This morning I noticed the horse chestnut leaves had started to make an appearance – tender little fingers appearing from sticky buds, popping out to shake hands with the sun. They’ve joined the blossom and blackthorn in showing their colours and now nature is roaring in like Canute’s tide. Within a week or so everything will be the almost fluorescent green of high spring, a colour that shouts exuberance, growth and renewal. Only a few fashionably late trees like beech and walnut will stay skeletal into May – a reminder of how quickly and completely nature wakes from winter.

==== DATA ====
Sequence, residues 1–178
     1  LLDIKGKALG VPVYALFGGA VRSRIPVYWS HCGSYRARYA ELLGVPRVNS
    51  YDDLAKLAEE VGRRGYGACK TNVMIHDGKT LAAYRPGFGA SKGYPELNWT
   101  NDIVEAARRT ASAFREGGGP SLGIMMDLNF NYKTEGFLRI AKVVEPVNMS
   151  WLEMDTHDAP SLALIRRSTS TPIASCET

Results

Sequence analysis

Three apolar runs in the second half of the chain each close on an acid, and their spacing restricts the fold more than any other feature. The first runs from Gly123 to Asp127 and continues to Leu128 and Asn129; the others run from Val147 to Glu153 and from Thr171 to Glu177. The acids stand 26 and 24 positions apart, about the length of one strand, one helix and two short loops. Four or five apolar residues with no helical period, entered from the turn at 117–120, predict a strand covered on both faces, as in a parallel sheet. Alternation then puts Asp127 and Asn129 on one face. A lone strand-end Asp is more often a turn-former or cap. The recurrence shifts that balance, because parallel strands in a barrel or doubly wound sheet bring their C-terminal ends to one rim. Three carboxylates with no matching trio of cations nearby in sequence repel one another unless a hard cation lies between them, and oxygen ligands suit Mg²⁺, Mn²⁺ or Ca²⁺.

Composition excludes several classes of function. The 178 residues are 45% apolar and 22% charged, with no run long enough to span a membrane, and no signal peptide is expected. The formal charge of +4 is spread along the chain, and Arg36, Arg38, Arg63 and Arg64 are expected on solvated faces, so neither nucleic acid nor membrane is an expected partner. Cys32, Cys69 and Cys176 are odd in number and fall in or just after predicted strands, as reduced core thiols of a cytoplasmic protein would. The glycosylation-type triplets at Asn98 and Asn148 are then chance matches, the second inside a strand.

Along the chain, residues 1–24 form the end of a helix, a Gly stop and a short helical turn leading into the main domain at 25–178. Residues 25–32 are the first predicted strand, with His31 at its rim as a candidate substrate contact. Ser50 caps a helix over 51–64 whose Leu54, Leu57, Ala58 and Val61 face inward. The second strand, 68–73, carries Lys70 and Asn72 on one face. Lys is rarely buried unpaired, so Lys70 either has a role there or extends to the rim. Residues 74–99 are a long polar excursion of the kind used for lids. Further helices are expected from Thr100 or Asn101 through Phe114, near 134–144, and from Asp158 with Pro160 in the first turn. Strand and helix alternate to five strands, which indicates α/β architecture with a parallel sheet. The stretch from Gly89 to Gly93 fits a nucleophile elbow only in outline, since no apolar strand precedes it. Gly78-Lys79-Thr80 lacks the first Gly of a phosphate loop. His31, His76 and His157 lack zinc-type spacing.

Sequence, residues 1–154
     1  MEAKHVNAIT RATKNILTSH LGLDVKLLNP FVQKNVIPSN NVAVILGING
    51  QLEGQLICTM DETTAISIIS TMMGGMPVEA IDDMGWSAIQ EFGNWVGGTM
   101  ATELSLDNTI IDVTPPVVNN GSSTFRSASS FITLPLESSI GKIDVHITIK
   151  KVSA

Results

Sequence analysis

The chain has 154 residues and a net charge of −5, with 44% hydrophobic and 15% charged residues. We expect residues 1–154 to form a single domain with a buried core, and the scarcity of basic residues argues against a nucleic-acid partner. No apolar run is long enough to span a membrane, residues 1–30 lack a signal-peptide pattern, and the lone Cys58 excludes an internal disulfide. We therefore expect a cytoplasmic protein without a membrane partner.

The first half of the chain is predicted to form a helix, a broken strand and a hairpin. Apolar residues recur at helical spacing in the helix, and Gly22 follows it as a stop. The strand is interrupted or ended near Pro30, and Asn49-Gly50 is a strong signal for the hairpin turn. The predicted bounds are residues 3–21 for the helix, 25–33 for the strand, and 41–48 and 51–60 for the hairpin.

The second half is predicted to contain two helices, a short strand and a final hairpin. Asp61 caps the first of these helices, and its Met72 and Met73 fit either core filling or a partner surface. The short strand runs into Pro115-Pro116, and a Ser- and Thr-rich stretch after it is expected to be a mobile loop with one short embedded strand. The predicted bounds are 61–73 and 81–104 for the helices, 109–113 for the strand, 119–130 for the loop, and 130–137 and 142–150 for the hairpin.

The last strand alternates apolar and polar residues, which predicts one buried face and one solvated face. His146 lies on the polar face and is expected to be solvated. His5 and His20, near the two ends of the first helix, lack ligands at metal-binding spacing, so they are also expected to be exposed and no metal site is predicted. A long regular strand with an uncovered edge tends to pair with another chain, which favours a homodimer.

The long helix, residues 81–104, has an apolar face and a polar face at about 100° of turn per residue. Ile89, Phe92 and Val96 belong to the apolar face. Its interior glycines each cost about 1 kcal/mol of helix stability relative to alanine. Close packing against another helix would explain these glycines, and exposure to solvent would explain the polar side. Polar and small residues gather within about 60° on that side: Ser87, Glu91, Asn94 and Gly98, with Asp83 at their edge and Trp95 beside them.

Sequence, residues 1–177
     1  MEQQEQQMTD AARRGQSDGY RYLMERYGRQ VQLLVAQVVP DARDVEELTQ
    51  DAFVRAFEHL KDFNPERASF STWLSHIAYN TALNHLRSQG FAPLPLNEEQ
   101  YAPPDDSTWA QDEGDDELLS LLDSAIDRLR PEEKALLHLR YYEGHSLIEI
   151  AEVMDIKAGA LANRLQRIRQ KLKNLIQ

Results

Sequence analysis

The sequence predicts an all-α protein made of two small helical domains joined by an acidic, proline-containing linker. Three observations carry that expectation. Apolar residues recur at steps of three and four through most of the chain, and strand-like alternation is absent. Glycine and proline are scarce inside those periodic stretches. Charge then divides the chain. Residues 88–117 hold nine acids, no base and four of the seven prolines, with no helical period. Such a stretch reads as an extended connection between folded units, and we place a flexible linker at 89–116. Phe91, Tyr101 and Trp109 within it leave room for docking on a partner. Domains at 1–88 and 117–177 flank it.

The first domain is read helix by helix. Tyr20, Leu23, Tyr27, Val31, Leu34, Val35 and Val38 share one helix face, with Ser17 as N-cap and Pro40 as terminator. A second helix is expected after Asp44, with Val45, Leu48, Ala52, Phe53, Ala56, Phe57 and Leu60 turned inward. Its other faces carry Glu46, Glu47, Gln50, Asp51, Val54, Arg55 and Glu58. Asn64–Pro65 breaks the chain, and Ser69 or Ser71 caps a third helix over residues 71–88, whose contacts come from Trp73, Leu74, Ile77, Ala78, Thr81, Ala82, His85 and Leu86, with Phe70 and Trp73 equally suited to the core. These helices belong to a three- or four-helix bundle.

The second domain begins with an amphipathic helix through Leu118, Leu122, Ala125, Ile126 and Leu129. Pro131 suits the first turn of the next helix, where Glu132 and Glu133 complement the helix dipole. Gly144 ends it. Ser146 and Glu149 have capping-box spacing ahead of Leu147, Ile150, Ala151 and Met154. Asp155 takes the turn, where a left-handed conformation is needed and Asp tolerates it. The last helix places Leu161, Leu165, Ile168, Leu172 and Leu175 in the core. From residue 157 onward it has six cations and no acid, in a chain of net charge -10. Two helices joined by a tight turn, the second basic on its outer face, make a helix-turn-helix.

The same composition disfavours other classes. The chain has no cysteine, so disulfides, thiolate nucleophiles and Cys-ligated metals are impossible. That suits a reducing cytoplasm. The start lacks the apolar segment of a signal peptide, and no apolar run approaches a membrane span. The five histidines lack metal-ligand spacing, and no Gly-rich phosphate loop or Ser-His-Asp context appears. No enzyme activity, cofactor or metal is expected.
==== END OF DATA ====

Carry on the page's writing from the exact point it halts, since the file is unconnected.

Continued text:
The quote in the title is from Shakespeare’s Sonnet 98. He was born less than 20 miles from where I sit, and I’m sure he would agree (I say, merrily co-opting a man who has been dead for 450 years) that there is nothing more beautiful than spring in England. It’s a time of year when everything in nature seems to wear a smile, it lifts every heart. The lambs, well past the knock-kneed cuteness of babyhood, are now fat and bumptious, playing, fighting, causing trouble. The gardens at Purston are stirring – the tulips and daffs are nearly over, and the spear-like buds of the irises are starting to show colour. The gardens build to a crescendo in June, when Annabel’s planting shows off the full power of England’s natural beauty in summer. But I’m in no rush – I relish every change along the way.